Is my textbook wrong (acceleration problem)

  • Thread starter nissan4l0
  • Start date
  • #1
11
0
My textbook, University Physics 12th ed, claims that the sign of x-acceleration does not tell you whether a body is speeding up or slowing down. It claims that the body is speeding up only when the velocity and acceleration have the same sign. Likewise, it claims that a body is slowing down only when the velocity and acceleration differ in signs.

I tried to prove this to myself and found an inconsistency.

v0x = -10 m/s
v1x = 5 m/s


Here, the magnitude of the velocity (speed) is decreasing. The velocity vector itself is positive, since it is going from the negative x axis to the positive x axis.

So we have a decreasing speed and a positive velocity.

Ok, so what about the acceleration?

I have ax= lim ((5 - (-10)) / [tex]\Delta[/tex]t which is a positive quantity.

So we have a positive acceleration.

According to my book a positive sign on the velocity and a positive sign on the acceleration produce an increase in speed. Am I analyzing this in the wrong manner?


(sorry for the poor formatting, I'll improve with time)
 

Answers and Replies

  • #2
918
16
Here, the magnitude of the velocity (speed) is decreasing. The velocity vector itself is positive, since it is going from the negative x axis to the positive x axis.
You don't know where the object is on the x axis, you only know its velocity.

The acceleration is positive as you say, so at time 0, when the object was moving in the negative direction, the object was slowing down. At time 1 when the object was moving in the positive direction the object was speeding up.

In other words, the object, originally moving in the negative direction, slowed down, came to a stop, and then sped up in the positive direction.
 
  • #3
HallsofIvy
Science Advisor
Homework Helper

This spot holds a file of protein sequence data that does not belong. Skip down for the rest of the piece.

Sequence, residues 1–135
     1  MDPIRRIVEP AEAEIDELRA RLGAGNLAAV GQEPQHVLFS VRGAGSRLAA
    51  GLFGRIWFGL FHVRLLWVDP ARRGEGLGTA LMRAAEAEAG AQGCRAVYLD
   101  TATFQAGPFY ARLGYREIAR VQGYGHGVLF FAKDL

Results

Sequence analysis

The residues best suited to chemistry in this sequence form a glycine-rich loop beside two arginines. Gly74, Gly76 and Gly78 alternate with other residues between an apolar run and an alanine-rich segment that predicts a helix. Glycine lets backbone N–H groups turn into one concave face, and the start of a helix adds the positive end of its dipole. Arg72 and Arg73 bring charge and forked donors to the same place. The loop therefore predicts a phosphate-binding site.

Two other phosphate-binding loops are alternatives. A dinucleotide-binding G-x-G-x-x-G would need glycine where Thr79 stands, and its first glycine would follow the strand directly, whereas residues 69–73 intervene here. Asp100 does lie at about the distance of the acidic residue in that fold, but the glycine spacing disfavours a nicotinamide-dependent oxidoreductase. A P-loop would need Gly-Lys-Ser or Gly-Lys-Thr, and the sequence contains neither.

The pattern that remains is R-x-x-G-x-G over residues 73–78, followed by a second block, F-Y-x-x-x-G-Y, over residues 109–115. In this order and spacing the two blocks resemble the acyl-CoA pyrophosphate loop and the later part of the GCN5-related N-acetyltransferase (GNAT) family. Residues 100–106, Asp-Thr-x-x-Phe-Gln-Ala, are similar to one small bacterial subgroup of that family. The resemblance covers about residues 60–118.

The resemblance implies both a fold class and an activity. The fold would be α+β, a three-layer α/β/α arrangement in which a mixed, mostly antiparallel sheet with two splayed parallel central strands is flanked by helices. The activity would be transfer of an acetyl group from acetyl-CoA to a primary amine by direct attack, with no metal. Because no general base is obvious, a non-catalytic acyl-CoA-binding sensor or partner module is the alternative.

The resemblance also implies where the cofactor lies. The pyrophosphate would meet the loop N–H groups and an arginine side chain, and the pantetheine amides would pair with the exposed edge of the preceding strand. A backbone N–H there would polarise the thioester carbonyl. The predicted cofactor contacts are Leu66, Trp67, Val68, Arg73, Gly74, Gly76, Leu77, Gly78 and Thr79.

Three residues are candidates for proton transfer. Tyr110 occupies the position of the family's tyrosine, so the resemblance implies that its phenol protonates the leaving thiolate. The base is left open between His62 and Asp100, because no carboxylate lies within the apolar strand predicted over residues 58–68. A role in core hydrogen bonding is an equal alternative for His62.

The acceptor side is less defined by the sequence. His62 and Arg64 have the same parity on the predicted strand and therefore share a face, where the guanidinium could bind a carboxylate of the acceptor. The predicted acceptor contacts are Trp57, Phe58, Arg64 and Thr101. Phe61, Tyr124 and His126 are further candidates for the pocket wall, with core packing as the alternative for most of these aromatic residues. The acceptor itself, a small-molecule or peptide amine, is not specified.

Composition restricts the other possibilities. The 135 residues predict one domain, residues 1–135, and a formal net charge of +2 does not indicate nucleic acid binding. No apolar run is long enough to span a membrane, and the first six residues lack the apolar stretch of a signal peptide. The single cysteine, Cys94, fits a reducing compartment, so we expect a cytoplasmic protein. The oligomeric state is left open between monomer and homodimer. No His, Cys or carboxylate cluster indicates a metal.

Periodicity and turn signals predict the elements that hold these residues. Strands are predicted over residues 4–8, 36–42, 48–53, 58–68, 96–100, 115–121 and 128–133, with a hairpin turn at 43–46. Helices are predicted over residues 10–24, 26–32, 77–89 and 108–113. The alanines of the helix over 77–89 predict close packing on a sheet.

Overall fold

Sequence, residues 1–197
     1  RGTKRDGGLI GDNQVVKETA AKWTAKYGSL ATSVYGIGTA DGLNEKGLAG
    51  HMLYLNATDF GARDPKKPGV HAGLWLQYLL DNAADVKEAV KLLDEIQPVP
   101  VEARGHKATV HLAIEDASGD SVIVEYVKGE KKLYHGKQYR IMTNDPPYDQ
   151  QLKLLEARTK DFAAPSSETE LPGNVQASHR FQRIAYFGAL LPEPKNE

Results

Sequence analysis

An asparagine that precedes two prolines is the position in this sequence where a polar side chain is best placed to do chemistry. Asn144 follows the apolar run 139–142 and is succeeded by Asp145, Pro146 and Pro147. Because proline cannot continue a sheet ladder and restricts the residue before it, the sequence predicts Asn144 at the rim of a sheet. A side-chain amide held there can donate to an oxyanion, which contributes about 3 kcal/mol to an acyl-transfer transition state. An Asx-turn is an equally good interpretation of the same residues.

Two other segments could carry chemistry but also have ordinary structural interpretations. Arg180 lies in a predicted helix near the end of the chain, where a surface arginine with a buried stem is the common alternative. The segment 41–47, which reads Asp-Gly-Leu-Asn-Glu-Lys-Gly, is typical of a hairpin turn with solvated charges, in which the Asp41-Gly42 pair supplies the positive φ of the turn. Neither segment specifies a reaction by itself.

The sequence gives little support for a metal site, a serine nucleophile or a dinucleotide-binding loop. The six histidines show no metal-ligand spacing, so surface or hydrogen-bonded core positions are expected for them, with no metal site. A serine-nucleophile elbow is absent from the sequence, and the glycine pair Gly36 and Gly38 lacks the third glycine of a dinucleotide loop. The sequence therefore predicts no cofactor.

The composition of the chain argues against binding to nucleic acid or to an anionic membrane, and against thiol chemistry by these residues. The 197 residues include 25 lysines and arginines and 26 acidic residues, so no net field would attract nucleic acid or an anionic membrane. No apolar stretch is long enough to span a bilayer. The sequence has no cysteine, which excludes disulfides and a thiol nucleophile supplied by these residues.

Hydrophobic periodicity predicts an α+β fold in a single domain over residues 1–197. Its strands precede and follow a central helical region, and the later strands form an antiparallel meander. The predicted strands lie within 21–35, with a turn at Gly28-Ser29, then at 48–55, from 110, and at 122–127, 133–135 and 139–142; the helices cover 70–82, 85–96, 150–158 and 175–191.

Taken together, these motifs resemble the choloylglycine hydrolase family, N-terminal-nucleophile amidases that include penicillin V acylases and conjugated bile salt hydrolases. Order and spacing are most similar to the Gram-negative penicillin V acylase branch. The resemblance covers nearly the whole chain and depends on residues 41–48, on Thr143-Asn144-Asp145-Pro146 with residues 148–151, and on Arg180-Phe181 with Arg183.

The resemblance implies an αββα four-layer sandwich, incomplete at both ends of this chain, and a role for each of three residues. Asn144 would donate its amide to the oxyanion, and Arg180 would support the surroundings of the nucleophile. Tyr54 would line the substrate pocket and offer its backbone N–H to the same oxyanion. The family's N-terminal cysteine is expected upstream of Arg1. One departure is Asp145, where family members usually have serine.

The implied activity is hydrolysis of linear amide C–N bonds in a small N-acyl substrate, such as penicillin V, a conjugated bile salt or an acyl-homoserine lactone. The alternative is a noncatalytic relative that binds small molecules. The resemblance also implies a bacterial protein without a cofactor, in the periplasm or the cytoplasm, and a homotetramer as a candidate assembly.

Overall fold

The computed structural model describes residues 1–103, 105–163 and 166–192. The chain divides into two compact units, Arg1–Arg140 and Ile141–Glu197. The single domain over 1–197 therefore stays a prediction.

41,833
964
My textbook, University Physics 12th ed, claims that the sign of x-acceleration does not tell you whether a body is speeding up or slowing down. It claims that the body is speeding up only when the velocity and acceleration have the same sign. Likewise, it claims that a body is slowing down only when the velocity and acceleration differ in signs.

I tried to prove this to myself and found an inconsistency.

v0x = -10 m/s
v1x = 5 m/s


Here, the magnitude of the velocity (speed) is decreasing. The velocity vector itself is positive, since it is going from the negative x axis to the positive x axis.

So we have a decreasing speed and a positive velocity.
Do you mean positive acceleration?
Initially the object was going to the left (x decreasing, negative velocity) finally, it was going to the right (x increasing, positive velocity)

[quoote]Ok, so what about the acceleration?

I have ax= lim ((5 - (-10)) / [tex]\Delta[/tex]t which is a positive quantity.

So we have a positive acceleration.

According to my book a positive sign on the velocity and a positive sign on the acceleration produce an increase in speed. Am I analyzing this in the wrong manner?


(sorry for the poor formatting, I'll improve with time)[/QUOTE]
You statement that velocity is positive is wrong. The velocity is negative for part of the motion, positive for part.
 
  • #4
11
0
Ok, thanks guys it all makes sense to me now that I read and understood your postings. I appreciate it!
 

Related Threads on Is my textbook wrong (acceleration problem)

Replies
7
Views
2K
Replies
12
Views
762
  • Last Post
Replies
7
Views
4K
  • Last Post
Replies
2
Views
1K
Replies
3
Views
3K
Replies
2
Views
1K
  • Last Post
Replies
5
Views
9K
Replies
10
Views
6K
  • Last Post
Replies
7
Views
2K
Top